Still Smiling with 6.6 miles to go
This trail is awesome on fresh legs, on legs that had 43.5 miles on them it was a nightmare. It is extremely technical, with numerous sections where you need to pick your way through roots, rocks and all other manners of obstacles which just serve to increase the chance of tripping and eating dirt. I figure I was able to run (Shuffle) about 1/3 of the trail and power hiked the rest. That being said it was still ridiculously slow going and by the time I popped out towards the finish I had passed 3-4 people but had been passed by probably 5-10. It didn't this point I was just racing myself. Screw you body...I was going to win this thing. And by win I mean win the battle against my body...the race had been won by Uli Steidl about 4.5 hours earlier!

Finish Line

11 hours 40 minutes later
Much like everybody else I'm sure I had an amazing feeling at the finish. I shuffled/ran as best I could despite the cramping muscles. Brandi was there to cheer me in along with my buddy Danny, his wife Jenny and their three boys. All the other finishers, spectators and volunteers also joined in and I can honestly say it was the best race experience of my life. The whole day was full of highs, lows and everything in between and I will look back fondly on every joyful, painful, god forsaken moment.  Danny came over to congratulate me and I finally introduced him to my wife Brandi. We traded "congratulations" talked a bit about the race and then I made my way over to the medical tent. After about 20 minutes of laying in a cot I felt good enough to walk around again and proceeded to drink about 60 oz of water over the next hour or two. It should be noted that I was not the only one in the medical tent as there were several other finishers that looked to be in a bit worse shape than I. We all had fun reminiscing about our experiences out on the trail and all seemed pretty stoked to try it all again.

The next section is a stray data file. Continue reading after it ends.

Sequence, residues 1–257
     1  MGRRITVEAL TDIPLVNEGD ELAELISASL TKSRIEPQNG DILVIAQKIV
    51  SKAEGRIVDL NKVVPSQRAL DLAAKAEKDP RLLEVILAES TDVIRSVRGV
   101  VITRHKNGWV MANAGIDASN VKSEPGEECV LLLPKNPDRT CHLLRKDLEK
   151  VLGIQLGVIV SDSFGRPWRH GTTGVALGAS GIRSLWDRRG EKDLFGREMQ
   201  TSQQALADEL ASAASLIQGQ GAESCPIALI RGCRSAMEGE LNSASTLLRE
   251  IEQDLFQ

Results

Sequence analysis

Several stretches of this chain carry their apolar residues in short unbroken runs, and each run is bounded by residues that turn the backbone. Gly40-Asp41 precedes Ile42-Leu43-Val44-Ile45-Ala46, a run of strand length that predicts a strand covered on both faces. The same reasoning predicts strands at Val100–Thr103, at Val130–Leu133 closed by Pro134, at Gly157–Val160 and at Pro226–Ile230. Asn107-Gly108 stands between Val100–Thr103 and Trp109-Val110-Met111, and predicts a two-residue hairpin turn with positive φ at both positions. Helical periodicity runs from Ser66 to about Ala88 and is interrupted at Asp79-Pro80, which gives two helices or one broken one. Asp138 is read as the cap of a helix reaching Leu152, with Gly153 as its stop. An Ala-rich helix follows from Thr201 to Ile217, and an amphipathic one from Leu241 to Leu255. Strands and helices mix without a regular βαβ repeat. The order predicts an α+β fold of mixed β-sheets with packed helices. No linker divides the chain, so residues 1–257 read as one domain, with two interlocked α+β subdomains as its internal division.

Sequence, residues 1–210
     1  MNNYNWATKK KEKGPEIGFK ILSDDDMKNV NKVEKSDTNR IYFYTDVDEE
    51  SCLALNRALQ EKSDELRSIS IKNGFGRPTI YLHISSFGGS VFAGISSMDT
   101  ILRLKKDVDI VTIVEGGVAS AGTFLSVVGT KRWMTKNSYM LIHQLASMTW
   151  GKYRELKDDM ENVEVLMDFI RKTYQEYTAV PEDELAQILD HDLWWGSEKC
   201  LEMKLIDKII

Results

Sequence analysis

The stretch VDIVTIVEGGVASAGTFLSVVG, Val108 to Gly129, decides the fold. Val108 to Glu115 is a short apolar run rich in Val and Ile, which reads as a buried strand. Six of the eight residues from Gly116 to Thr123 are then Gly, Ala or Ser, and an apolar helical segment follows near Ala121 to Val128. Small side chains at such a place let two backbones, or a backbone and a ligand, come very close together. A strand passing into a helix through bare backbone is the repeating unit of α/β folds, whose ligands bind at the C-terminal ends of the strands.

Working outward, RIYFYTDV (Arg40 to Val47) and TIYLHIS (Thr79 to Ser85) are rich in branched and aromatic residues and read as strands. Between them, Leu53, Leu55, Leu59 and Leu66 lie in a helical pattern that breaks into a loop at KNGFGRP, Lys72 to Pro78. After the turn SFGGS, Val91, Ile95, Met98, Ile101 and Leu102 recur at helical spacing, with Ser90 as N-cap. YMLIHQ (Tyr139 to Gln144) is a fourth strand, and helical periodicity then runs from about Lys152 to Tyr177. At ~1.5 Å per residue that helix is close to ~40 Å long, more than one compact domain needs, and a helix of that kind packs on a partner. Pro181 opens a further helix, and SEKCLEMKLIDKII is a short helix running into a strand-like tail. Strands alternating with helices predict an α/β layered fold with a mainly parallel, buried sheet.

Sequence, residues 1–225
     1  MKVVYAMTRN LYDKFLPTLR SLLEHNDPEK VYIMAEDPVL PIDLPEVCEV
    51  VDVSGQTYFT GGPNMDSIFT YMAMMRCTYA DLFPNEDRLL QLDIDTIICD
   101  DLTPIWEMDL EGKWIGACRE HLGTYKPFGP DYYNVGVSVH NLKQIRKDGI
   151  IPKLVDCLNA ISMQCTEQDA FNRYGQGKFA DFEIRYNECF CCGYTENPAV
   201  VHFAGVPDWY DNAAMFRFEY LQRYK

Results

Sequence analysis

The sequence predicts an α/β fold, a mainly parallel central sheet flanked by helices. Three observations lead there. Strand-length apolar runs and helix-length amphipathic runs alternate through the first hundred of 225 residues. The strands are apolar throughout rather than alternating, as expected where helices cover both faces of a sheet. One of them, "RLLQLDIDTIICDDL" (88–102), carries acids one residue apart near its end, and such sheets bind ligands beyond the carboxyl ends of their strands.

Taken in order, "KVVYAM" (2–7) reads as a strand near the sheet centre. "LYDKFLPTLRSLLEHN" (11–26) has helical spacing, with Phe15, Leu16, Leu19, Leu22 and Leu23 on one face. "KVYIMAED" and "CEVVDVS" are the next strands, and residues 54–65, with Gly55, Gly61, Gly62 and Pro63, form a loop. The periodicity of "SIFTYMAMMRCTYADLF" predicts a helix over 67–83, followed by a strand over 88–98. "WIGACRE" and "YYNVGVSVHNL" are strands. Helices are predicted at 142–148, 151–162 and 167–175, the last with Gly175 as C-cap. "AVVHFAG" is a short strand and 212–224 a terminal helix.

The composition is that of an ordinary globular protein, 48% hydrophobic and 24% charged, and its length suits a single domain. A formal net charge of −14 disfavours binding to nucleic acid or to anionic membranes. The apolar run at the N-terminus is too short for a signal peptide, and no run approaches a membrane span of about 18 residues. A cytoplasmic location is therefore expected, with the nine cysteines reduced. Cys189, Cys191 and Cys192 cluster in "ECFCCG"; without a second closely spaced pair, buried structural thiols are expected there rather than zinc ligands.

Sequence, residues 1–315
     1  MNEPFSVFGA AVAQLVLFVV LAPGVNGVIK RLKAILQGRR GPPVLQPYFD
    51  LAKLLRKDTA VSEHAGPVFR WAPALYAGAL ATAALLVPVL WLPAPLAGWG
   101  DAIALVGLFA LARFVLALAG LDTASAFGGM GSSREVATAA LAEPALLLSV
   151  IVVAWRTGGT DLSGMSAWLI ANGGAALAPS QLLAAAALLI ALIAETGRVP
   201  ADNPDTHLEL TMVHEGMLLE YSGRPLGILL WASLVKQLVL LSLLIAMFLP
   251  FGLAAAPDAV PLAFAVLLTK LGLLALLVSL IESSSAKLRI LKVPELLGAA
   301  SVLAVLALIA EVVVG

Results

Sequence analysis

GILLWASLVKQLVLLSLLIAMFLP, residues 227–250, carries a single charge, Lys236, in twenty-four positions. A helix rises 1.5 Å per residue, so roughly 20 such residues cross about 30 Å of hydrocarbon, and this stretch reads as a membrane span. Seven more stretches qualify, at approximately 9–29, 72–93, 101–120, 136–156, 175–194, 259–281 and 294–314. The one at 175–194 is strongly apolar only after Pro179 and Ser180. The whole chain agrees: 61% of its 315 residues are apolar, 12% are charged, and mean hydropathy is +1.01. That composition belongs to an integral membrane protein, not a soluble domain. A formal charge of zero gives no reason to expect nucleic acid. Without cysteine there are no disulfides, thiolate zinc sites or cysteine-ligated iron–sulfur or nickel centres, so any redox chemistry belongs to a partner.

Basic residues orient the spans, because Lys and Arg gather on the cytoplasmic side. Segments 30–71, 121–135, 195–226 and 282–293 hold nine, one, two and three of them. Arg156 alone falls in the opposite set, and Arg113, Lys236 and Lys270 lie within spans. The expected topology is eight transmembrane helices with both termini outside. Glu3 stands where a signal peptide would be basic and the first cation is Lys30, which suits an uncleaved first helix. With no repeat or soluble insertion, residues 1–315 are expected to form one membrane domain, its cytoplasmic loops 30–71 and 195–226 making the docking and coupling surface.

Recovery and Beyond?

If he had trained me those checks wouldn't have bounced
It took a few days of rest but my legs feel pretty much back to normal. I haven't done much to really test them yet so I'll be interested to see how they respond to some hill climbing. I've managed to do a fair bit of walking and have even gone out on a short run. Unfortunately I came down with a bit of a cold (or perhaps the one I had before the race came back with a vengeance) and was laid up in bed for the last couple of days. I'm getting over it though and anticipate returning to a fairly full week of running starting on August 7th. As my buddy Ryan said, my ego wrote some checks my body couldn't cash and those bounced checks came back to haunt me with a bit of a cold and some lingering muscle pains. We then proceeded to run this top gun reference into the ground over a half an hour period. On the ultra running front I have to admit I fully understand that this sport isn't for everybody. It's definitely for me though and I can't wait till I'm recovered and get to run another. I've already signed up for the North Face Endurance Challenge in San Francisco on December 3rd so I can't afford to take much of a break. Lets see if I can get further before the cramping sets in...

Here are a few more miscellaneous pictures below.

Another great photo by Glenn Tachiyama. The sun was a bit of a nuisance here

The trails weren't closed like in Road Marathons
Drop bags...a runners lifeline